“Hmm, let me see… ” says Alie Shaper, musing over the wine cases in her kitchen. We’re at her weekend cottage on the North Fork, and I’m curious to see what she chooses. Shaper owns Brooklyn Oenology, her wine label /tasting room/wine bar in Brooklyn, and the plan is to taste, talk, and taste some more. She pulls out an orange-style 2012 Gewürztraminer and a red blend, the 2010 Motley Cru. Interesting, I think, two very different wines. On the porch, the late afternoon sun sparkles on the bottles and a cluster of wine glasses, and in the distance, the wind pushes sailboats along the Peconic Bay. Shaper opens the Gewürz and pours.
“Oenology” means the study of wine, and discourse thereof. Winemaking is a duality; it’s a technological and scientific discipline, yet also an art, a classic Apollonian pursuit. Wine must be examined through the senses, and this invariably leads to the understanding that the purpose of wine is to drink it. And when stars align, wine’s lauded synergy with good food and company gives rise to magic. Exit Apollo; enter Dionysus, the god of wine and its mysteries, in divine symmetry.
Yet, in winemaking as in all things, nature is really in charge.
In Michael Pollan’s book The Botany of Desire, he argues that any attempt to bring control over a natural system will result in disorder, and embracing the variables of nature is the path to harmony. This plays out in Shaper’s wines; they spring from where imagination meets reason, and the unpredictable happens.
The 2012 Gewürztraminer is fermented and macerated on the skins. The orange style is rare; not everyone gets it, and that makes it a risk for a winemaker. “It’s not quite white, it’s definitely not red, and it’s certainly not rosé,” Shaper says. I taste, and think, “What?!” The floral nose delights, but then in the mouth, it’s crisp and bone-dry. There’s a hint of oxygen contact from vigorous punch-downs, and peachy flavors, nuttiness. At the finish, a lush creaminess blooms. Did the wine go though malolactic fermentation? That can be desirable in a complex white, and it’s usually deliberate.
“I’ve wondered that myself,” Shaper says. “I think it might have. I don’t know; I didn’t test it.” There it is; a spark of natural disorder in this careful construct of a wine.
Cheese and charcuterie appear, and the gewürz pairs perfectly. It turns out Shaper has her own dualities; she’s quirky and creative, yet methodical and observant. She’s a Renaissance woman and a total geek. After studying engineering at Cornell, she worked in the mid-1990s in Silicon Valley. “I like science and how it speaks to the imagination,” she says, but not the prospect of a lifetime engineering widgets. She fed her wine bug at the Napa/Sonoma wineries; then wine sales/marketing jobs led to a new life in Brooklyn, where, out walking one afternoon in 2005, she had a eureka moment. “It was like a lightning bolt,” she says. “Brooklyn has art, music, food and a real sense of community. I realized that it was going to be all about this artisanal identity. It has a brewery; why can’t I have a winery?”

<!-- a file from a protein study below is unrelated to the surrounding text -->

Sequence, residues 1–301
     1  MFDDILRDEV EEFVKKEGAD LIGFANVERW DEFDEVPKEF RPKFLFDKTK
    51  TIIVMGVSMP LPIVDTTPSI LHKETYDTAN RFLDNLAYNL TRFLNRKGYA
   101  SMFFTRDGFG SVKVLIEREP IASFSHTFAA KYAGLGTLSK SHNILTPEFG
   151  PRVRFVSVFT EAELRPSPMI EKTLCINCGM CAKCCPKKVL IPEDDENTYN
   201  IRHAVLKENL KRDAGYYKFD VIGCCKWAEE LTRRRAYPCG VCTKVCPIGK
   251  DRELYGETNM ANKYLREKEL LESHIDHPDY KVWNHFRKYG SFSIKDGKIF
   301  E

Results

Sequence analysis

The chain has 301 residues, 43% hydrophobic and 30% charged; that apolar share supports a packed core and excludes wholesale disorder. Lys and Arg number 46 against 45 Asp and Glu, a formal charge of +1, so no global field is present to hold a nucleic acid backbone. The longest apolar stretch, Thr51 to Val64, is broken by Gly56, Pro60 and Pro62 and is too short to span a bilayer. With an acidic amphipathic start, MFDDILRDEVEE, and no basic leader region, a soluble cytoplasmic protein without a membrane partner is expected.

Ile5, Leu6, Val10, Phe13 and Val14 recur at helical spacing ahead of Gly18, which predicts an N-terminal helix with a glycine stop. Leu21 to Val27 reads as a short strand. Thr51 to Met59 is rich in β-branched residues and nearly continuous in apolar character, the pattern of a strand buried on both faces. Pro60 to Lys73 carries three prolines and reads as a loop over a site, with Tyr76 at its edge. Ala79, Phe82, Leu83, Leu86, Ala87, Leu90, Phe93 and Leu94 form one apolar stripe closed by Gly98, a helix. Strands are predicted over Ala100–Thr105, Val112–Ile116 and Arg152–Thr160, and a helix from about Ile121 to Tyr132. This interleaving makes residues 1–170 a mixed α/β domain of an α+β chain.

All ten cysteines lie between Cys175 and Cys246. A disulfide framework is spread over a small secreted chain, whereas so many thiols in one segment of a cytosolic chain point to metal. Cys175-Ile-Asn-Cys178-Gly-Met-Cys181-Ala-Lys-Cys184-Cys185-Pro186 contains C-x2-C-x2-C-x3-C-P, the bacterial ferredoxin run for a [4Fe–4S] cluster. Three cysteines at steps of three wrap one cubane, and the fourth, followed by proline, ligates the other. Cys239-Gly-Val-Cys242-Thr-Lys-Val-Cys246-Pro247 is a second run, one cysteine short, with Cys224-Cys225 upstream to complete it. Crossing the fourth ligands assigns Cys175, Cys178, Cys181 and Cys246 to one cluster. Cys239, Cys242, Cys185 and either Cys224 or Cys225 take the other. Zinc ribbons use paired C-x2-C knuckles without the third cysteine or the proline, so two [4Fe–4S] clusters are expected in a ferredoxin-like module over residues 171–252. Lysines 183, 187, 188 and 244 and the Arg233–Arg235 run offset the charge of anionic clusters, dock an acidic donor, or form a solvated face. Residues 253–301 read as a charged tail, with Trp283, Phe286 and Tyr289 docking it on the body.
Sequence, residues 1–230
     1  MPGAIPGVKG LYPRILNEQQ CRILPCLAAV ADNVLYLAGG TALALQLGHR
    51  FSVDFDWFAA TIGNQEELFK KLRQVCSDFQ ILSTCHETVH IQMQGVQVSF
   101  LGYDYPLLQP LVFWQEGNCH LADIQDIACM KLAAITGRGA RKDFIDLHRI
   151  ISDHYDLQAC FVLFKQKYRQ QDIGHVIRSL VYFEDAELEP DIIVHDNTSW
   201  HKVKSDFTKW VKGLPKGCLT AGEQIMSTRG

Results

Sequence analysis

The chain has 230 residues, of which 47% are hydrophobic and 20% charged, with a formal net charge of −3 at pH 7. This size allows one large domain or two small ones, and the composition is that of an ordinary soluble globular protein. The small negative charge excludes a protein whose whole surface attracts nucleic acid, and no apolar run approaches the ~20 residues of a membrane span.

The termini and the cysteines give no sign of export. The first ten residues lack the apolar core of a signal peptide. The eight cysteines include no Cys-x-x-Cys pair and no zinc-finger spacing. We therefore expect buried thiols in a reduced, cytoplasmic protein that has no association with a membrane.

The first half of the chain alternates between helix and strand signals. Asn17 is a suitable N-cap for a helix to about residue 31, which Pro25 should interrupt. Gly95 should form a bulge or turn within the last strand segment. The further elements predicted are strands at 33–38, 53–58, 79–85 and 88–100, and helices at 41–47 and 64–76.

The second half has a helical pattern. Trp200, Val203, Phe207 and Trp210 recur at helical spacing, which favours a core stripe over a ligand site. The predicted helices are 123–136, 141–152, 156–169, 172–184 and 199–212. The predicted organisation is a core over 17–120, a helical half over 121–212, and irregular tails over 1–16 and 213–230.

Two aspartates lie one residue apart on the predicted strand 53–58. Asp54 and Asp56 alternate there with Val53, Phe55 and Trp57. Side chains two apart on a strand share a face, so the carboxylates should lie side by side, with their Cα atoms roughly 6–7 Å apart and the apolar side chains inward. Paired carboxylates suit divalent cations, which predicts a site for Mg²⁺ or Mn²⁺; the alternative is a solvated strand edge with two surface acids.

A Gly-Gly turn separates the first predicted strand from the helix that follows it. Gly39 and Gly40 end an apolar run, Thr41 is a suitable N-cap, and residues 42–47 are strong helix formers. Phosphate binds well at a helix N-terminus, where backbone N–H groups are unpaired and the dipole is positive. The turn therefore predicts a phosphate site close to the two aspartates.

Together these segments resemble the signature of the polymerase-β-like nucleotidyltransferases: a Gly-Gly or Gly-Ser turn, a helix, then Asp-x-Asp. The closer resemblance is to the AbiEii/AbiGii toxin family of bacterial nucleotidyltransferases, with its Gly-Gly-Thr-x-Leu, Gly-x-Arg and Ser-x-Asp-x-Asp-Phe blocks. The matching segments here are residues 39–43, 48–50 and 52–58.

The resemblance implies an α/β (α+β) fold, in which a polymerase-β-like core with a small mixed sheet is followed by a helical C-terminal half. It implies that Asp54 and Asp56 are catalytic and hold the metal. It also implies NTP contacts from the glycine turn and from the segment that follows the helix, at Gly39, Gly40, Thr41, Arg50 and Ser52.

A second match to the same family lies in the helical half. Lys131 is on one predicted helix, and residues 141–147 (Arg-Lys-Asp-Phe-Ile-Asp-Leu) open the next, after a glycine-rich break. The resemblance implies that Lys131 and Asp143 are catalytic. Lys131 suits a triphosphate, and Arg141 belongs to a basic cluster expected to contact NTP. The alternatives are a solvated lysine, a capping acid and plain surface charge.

She took an internship at Premium Wine Group in Mattituck. “I did the night shift in the cellar, and all the crap jobs!” she says, laughing. “I was like; this is so cool!” She made her own blends, designed labels and a logo inspired by Leonardo da Vinci’s Vitruvian Man, and launched Brooklyn Oenology (BOE) in 2007. By 2010, she opened the tasting room/wine bar with manager TJ Provenzano. BOE has wine classes, a wine club and CSA, as well as food and wines from around New York State. “This creativity partnership, from the agricultural to the culinary to the visual, is a celebration of our part of the world,” Shaper says.
Next, we taste the 2010 Motley Cru, with its cast of characters. “Motley Cru is an accidental success,” Shaper says. “I thought, what an amazing year for merlot. I have some great syrah, some petit verdot and malbec…. There is no plan; I see what the vintage gives us, and then I play.”
The color is red-violet, and the aromas are blackberry and brambles, with an earthy edge. It’s medium-bodied, with a definite spiciness from the petit verdot. On finish, something sneaks up—that’s a note of white pepper from the syrah, Shaper says. When she blends, she says, she imagines the wine as a geometric form that must be in balance. She makes dozens of different ratios, and the final choice is not too this or too that but just right; in the Goldilocks zone of wine, as it were. “It’s not quantifiable. I know it when I smell it,” she says. So, what is the blend, exactly? The 2010 Motley Cru is 57 percent merlot, 19 percent syrah, 14 percent petit verdot, 5 percent malbec and 5 percent cabernet sauvignon. Many good winemakers hit upon similar ratios when blending reds. There’s the dominant grape, a harmonizing grape and the bit players. We’re well into our tasting now, and this might be a flight of fancy, but it occurs to me that the blend in the 2010 Motley Cru closely mirrors a special ratio, one seen in nature everywhere; order from chaos, creating harmony— the golden mean. How did that happen? But actually, when you have an inspired winemaker like Shaper, collaborating with nature, the question really is: Why wouldn’t that amazing ratio arise?
LOOK: To learn more about the art that decorates BOE’s bottles, click here.